A broken record in the distance sets up the interlude "How It Ends," which anticipates the upbeat "New Day Coming." Exotic percussions go alongside Corby's voice in what I consider to be the weakest song off the album: if in the wrong person's ears, it can seem annoying and repetitive, but in its genre it is a very sophisticated track.

From track eight to the end, the most constant and mature part of the album comes. "Better" still has that funky tone to it that we already encountered in the third and fourth tracks, confirming its dedication to music in the second line: "All that's making sense to me is melody and rhythm."

The most interesting thing about "Rainbow Valley" is the transitions between one song to the next. Sometimes the separation is so violent that it leaves the listener a bit bewildered. This, for instance, happens between "Better" and "Miracle Love," the latter of which is a warm and sweet ballad. Piano is one of the stars of this production. It is complicated and, in my opinion, the best on the album; it features a rawer side of the singer's personality and vocal abilities, hearable also in the complexity of the melody and the piano part. It is not the best song lyrically, compared to the others, but melodically it shines in all its glory.

"Heavy hearts can't decide when they've had enough, so they're burning out cold."
Source. Aaron Crossman


"Elements" starts with its upbeat bass guitar, reminiscent of 70s/80s dance-funk music. More musical experiments are made: keyboard, synths, samples. Matt Corby declared more than once that he plays all the instruments in this album, and if we think about it, the work he has done is pretty impressive. From an album like this, I expected the last song to be the icing on top of the cake, but it wasn't exactly like this. It is the entire cake. I am glad he named the album after this song, because it is so genuinely pleasant to listen to. In "Rainbow Valley," birds are chirping in the background, a peaceful and chilled-out keyboard is playing, and sunshine is shining in the distance. This last track perfectly embodies the message the album wanted to spread: peace, calm, and love for music.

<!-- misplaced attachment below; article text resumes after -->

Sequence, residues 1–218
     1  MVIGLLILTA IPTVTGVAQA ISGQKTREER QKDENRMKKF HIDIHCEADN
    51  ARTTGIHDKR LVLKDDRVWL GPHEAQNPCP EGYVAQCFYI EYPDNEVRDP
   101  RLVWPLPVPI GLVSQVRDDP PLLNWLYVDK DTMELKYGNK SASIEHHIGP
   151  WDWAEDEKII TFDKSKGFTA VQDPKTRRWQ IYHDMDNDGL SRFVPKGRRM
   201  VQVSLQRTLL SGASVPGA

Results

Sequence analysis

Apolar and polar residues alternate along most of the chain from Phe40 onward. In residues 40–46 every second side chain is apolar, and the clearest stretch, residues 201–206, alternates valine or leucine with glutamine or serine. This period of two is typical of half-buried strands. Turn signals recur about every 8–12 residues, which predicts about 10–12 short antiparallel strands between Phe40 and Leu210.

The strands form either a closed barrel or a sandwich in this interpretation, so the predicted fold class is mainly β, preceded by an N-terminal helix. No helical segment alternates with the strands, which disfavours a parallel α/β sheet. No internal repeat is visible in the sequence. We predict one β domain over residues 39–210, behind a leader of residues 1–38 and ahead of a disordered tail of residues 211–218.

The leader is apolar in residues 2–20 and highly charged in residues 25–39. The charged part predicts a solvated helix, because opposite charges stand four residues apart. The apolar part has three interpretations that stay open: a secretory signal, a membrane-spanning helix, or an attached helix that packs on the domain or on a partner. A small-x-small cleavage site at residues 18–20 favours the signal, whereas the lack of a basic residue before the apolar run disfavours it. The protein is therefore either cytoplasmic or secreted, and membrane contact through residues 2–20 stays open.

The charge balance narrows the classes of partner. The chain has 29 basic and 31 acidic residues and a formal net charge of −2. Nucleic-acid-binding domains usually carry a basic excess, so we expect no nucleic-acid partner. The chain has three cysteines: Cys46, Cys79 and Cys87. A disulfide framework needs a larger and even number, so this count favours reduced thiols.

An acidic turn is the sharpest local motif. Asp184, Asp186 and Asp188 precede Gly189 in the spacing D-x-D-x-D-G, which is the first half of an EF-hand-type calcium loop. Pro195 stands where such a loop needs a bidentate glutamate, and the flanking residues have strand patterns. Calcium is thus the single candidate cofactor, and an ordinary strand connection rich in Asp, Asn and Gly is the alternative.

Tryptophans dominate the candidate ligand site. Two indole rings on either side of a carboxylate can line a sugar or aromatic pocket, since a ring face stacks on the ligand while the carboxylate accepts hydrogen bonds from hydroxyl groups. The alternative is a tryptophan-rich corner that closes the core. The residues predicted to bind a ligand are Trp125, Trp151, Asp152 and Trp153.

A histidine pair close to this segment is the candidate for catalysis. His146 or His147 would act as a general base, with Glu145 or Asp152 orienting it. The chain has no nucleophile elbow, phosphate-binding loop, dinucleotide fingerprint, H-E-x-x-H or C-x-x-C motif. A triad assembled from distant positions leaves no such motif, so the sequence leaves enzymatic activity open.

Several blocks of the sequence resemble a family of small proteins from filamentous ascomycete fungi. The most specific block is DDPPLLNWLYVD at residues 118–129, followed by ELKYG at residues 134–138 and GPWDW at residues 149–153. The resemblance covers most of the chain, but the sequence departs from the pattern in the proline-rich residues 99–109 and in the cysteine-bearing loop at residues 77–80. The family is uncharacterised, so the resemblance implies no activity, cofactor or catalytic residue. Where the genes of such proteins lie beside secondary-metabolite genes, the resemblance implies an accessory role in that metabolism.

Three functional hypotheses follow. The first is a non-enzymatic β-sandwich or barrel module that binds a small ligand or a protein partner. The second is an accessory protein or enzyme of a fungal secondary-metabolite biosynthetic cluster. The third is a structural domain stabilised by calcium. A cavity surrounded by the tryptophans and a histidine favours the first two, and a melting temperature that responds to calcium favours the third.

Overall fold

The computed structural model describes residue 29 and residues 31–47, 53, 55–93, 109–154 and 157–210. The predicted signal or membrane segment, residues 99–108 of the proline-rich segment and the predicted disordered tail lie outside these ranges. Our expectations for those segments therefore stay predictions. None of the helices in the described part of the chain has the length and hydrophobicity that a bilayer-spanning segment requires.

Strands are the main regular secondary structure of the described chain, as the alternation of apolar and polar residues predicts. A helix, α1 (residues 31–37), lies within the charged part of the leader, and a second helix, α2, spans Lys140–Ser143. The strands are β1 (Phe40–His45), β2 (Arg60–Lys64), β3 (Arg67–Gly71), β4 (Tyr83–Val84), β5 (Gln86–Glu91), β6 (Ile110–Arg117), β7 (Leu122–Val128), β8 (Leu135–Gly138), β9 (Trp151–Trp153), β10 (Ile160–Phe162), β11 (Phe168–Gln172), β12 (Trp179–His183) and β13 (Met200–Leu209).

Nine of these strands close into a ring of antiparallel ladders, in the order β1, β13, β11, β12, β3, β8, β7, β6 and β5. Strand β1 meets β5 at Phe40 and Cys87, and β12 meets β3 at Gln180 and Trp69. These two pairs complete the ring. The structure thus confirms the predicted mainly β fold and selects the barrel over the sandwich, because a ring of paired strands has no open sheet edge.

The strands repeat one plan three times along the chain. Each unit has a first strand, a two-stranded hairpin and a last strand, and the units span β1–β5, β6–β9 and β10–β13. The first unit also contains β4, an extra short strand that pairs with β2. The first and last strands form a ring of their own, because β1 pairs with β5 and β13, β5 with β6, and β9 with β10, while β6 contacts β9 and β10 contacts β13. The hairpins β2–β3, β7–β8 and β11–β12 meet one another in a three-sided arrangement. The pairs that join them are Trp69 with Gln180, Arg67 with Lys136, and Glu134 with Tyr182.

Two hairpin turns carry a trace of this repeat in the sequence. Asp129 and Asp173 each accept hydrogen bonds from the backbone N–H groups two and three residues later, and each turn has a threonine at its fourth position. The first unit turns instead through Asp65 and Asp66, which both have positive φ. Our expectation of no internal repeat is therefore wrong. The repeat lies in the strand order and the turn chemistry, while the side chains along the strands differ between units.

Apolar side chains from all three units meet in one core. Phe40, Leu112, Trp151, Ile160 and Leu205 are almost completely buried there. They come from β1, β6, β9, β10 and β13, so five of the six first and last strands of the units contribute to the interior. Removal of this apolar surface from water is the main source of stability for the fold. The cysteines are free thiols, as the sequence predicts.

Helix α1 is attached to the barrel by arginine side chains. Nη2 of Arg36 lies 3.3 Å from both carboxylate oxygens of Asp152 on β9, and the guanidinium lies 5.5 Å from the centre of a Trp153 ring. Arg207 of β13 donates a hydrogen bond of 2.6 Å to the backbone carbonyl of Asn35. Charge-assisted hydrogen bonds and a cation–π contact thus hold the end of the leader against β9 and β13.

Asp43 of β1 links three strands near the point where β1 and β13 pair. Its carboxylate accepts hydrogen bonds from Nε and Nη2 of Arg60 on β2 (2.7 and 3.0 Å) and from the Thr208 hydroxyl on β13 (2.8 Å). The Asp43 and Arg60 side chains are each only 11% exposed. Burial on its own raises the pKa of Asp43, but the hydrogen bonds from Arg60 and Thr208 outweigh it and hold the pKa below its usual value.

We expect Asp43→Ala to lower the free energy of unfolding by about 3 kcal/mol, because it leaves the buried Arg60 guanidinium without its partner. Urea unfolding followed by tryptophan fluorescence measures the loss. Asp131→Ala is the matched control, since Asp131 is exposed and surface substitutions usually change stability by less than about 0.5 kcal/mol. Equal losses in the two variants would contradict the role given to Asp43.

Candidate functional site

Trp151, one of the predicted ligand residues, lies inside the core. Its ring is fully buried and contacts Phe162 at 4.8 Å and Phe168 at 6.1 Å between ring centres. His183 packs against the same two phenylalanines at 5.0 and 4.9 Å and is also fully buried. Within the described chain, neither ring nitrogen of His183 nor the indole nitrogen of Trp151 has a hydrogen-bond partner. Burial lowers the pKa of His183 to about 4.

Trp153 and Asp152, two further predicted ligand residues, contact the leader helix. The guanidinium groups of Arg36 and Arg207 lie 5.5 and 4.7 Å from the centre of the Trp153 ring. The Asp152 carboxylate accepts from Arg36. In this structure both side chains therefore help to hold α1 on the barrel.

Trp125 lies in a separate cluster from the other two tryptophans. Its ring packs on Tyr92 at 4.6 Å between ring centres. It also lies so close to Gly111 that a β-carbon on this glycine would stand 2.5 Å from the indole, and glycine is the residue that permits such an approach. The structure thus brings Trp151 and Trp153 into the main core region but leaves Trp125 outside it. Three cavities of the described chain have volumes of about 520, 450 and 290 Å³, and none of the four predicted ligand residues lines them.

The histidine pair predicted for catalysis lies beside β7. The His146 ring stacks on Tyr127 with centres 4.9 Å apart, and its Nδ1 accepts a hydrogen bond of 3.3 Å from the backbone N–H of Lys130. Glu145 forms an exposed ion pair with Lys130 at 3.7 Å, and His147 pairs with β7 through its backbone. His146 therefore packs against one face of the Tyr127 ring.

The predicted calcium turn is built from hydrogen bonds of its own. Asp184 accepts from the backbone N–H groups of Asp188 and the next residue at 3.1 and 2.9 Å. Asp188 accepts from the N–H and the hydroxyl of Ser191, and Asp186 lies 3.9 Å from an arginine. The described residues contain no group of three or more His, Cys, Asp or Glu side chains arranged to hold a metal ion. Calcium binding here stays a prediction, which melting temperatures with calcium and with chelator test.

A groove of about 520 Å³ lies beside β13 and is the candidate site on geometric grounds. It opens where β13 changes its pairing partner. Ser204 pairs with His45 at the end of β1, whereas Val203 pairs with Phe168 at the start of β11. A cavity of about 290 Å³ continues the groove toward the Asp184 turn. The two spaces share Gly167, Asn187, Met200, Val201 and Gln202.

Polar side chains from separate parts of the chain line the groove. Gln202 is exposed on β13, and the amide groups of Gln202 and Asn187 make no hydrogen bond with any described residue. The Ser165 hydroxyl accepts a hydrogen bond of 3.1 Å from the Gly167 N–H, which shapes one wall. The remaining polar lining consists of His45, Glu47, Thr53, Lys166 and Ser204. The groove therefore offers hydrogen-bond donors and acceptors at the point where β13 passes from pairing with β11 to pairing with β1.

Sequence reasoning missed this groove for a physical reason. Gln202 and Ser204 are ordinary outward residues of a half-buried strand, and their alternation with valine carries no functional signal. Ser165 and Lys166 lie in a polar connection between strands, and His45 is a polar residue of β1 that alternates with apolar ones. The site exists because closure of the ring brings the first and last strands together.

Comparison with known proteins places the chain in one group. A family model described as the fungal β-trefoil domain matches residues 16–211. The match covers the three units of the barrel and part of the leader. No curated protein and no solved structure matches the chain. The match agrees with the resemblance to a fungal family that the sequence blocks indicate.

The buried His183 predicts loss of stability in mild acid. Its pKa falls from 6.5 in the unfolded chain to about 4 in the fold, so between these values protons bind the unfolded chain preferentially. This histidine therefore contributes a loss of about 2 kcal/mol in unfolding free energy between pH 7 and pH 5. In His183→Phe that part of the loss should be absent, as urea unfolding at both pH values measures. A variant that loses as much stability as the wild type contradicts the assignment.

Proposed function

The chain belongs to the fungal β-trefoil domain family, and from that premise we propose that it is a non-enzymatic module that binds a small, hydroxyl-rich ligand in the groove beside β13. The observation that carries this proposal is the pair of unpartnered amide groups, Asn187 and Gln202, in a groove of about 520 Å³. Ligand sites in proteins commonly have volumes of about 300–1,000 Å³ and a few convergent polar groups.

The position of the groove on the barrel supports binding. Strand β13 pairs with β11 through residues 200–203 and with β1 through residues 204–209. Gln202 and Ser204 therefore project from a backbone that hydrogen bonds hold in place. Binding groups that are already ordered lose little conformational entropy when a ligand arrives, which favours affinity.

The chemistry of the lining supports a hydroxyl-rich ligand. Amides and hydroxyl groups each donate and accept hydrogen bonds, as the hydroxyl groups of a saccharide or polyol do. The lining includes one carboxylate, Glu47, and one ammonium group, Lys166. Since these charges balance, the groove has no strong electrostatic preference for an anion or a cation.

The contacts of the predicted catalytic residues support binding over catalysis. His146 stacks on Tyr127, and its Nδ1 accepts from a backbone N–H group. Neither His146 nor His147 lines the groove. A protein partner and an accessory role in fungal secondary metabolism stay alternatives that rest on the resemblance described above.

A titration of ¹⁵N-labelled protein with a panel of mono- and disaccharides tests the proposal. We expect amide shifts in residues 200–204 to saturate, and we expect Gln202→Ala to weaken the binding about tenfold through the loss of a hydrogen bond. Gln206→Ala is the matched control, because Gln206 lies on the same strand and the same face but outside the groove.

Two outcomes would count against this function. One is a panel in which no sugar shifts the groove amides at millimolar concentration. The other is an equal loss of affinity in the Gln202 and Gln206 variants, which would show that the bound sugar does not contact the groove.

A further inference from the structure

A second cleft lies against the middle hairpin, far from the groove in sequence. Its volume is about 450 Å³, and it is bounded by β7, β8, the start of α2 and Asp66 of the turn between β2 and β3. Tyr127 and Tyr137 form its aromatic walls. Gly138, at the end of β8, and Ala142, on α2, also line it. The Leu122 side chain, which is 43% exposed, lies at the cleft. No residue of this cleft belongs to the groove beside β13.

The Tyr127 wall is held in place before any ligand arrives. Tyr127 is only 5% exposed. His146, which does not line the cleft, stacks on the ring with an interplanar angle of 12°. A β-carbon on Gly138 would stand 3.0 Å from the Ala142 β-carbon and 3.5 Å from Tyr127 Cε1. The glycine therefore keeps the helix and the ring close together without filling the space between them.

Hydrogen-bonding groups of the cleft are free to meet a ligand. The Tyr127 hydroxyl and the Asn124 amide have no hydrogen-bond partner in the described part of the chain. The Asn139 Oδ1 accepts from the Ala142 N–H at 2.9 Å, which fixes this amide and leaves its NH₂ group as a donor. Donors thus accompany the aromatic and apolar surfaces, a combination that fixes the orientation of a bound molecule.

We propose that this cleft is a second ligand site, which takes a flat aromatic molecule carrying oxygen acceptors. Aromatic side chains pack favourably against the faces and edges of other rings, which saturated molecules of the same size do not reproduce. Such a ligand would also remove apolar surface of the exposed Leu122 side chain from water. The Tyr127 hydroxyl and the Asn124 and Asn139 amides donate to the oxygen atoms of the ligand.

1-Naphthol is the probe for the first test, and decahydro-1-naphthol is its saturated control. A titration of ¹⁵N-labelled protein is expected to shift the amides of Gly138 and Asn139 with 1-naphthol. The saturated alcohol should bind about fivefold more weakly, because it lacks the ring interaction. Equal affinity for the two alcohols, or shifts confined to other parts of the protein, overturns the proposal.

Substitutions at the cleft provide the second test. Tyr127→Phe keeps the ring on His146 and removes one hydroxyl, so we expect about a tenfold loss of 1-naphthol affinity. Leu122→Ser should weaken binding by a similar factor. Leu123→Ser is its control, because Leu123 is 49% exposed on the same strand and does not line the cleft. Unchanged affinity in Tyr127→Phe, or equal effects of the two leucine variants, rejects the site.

"Every house in the distance, they volunteer, they wanna see love, they wanna settle down now."
It is an escapist album. It describes a utopian world that contrasts the dystopian one we are living in now. It starts with a glorious song and it ends with an equally gorgeous one, and it was all Matt Corby's will to turn his life (and music) around.

I was not expecting something so different from his previous music production, but I am glad it is. The world needs some revolution, and I am glad it takes place in Matt Corby's Rainbow Valley.